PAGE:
I scanned the crowd. If there were speakers or leaders, they were too quiet and too buried in the mass of bodies to see or hear. My neighbors pointed in every direction. I watched, waited.

Eventually, we started to move. I was smothered by marchers. Blind to the size of our group. Unaware of how many city blocks we stretched as we crawled through downtown Eugene. Oblivious to our magnitude.

A parking garage rose beside us, stacked with four stories of people cheering. Emotions gargled in my throat as their encouragement showered us from above. Drums announced their presence behind me. My hips responded, waving hello.

A gaggle of grandmothers twisted through the crowd with their conga line. This wasn’t their first rodeo. They were unapologetic, fierce, confident.

I want to be them when I grow up.

An empty speckle of pavement emerged on the street in front of me. I started to step forward.

“Step Forward”.

That was the mantra I adopted on November 10th.

My friend Nick gets credit for motivating me to embrace one of these every year. It’s different from a resolution. It’s actually better established well into the year, when you have a sense of what sentiment could steer you in the best direction.

“Unapologetic as fuck” was the first one I chose, over flat IPAs at the neighborhood dive bar. It wasn’t intended to be quite as callous as it sounds. It was less about being a selfish asshole who never expresses remorse for regrettable behavior, and more of an encouragement to recognize my needs and demand them, so I could be a better version of myself. To practice assertive and candid communication. To appreciate that I couldn’t do it all, and to stop trying. To embrace that I’m an introvert and accept that my sources, and depletion, of energy differ from more outgoing peers, and that’s just fine.

“Step Forward” hit me in the aftermath of the presidential election, when it became clear that our expectations for the future had just been upended. I needed determination to help me overcome the overwhelming defeat. Something to help me remember a lesson I’ve revisited countless times through running: that it’s much more productive to focus on matters you can control, than dwell in things you can’t.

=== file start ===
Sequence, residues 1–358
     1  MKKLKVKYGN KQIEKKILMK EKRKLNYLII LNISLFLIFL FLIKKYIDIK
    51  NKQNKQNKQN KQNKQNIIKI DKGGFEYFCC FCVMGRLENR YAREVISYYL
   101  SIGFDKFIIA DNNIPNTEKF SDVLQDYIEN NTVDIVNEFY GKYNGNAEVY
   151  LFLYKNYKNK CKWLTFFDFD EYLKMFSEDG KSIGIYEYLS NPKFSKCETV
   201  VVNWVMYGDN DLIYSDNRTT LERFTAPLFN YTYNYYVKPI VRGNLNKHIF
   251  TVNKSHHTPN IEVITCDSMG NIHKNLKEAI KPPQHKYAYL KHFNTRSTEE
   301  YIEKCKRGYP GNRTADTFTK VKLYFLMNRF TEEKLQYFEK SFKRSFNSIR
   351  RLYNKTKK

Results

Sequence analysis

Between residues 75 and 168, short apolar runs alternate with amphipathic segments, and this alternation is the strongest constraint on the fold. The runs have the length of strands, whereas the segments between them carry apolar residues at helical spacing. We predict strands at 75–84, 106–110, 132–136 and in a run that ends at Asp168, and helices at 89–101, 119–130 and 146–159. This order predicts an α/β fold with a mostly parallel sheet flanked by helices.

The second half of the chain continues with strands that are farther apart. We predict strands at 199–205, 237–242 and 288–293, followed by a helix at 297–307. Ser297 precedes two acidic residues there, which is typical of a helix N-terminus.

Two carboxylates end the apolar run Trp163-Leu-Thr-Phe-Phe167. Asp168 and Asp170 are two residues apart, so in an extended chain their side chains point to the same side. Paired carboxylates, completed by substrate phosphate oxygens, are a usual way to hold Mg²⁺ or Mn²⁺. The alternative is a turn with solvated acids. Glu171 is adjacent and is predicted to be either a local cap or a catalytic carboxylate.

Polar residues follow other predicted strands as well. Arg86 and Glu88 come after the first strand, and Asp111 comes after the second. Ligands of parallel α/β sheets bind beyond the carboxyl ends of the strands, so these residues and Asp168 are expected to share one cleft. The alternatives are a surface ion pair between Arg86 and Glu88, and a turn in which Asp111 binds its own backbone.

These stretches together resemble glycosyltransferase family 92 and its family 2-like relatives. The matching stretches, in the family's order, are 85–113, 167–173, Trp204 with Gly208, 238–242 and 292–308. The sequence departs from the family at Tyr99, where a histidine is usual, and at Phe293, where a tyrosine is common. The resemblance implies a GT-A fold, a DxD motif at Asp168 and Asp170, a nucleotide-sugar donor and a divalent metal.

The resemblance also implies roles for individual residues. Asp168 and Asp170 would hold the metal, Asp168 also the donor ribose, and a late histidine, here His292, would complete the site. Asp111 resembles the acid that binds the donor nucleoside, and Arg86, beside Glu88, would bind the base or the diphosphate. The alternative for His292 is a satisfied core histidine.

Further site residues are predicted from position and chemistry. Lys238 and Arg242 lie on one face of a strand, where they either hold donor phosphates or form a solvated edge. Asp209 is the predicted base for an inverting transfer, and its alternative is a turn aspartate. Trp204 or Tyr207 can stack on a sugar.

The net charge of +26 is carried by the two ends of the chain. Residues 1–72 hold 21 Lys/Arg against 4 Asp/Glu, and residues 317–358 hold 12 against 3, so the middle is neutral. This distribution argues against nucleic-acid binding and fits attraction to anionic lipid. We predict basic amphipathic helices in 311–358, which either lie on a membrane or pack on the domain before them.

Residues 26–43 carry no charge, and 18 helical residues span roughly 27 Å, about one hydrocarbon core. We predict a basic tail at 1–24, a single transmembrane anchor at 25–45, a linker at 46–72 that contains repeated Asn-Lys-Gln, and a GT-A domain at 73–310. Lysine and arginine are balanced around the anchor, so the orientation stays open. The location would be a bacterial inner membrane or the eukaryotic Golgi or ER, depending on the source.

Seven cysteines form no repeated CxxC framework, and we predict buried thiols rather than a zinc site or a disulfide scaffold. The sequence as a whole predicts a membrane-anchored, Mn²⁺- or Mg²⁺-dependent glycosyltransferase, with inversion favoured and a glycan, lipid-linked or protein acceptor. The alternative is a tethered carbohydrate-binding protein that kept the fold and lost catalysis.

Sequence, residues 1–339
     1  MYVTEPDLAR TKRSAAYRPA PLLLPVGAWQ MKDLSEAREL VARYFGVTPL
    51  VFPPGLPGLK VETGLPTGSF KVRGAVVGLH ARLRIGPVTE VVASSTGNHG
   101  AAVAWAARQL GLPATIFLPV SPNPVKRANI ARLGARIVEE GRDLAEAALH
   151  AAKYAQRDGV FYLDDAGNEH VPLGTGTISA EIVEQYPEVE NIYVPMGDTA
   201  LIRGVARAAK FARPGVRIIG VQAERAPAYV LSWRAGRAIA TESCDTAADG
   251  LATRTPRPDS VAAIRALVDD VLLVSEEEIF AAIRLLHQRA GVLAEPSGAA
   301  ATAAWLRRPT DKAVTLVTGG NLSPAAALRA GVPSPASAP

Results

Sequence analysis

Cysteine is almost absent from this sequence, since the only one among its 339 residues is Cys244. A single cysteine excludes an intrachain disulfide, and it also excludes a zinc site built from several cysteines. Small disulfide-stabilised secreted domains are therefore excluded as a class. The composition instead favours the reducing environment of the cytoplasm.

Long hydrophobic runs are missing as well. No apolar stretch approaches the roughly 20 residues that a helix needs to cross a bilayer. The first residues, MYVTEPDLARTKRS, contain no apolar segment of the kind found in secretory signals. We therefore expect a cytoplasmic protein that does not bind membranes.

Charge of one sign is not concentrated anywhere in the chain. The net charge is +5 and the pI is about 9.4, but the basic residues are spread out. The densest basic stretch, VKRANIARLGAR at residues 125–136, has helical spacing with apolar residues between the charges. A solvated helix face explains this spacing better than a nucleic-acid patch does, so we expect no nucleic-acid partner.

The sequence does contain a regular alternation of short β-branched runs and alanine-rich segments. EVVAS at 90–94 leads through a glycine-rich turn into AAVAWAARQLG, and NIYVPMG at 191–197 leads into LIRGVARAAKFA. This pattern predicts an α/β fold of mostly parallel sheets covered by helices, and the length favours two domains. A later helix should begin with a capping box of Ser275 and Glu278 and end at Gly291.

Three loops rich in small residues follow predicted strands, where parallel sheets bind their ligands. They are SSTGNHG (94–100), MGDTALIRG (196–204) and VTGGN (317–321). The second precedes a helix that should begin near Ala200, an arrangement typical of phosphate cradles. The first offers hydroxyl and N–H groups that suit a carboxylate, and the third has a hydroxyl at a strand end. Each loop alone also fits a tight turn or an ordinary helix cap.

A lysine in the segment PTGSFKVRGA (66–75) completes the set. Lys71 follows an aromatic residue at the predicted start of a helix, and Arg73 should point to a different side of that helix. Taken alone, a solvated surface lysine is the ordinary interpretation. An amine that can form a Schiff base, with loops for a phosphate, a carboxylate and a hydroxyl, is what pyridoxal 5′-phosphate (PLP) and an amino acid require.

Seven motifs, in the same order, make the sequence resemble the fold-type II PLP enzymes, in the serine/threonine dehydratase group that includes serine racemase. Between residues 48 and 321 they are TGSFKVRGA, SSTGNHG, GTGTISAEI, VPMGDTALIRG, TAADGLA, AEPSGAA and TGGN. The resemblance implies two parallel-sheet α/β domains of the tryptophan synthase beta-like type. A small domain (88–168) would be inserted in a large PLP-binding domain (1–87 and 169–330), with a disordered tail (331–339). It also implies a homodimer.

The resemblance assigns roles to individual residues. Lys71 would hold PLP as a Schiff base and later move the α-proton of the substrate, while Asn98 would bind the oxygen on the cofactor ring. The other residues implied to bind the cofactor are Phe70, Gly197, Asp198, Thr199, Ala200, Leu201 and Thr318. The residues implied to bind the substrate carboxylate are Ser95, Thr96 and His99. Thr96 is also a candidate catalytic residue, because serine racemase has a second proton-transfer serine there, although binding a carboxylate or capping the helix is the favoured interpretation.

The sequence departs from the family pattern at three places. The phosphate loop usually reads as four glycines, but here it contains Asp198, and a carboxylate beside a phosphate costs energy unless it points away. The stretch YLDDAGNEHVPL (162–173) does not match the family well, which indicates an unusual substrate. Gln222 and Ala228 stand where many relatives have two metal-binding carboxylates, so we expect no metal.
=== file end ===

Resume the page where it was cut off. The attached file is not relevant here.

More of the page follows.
When I had to run 100 miles through the 100 degree sauna of the Arizona desert, cursing the heat wasn’t going to lower the temperature a single degree. But stuffing ice into every inch of my spandex and putting my boobs on the rocks could help me stay cool and finish the race.

That race was yet another reminder that we’re so much better off when we invest our emotional energy and mental fortitude into what can be changed, instead of dwelling in despair and playing a never-ending game of “what if…”.

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Step forward addressed the regret I felt for not doing more to help Donald Trump lose the election. For not doing anything, really. Other than casting a vote for Hillary, 45 minutes before the polls closed.

Step forward rejects this complacency and passive behavior. It answers the call to action. It demands that I participate and not just observe. It invites me to show up. And start there, knowing it will cultivate more.

Step forward recognizes the power of collective action. And acknowledges that meaningful progress isn’t usually the result of one big change, but of many small pieces compounded over time.

It’s standing on a start line and not letting the distance to the finish paralyze you.

In my first 100 miler, everyone asked what I thought about for the 28 hours and 10 minutes, expecting deep thoughts galore and a roadmap to world peace.

“I thought about putting one foot in front of the other,” I told them. Because I knew that was the only thing that was going to get me through all 100 of those miles. One giant leap couldn’t carry me from Applegate to Ashland, but hundreds of thousands of steps could.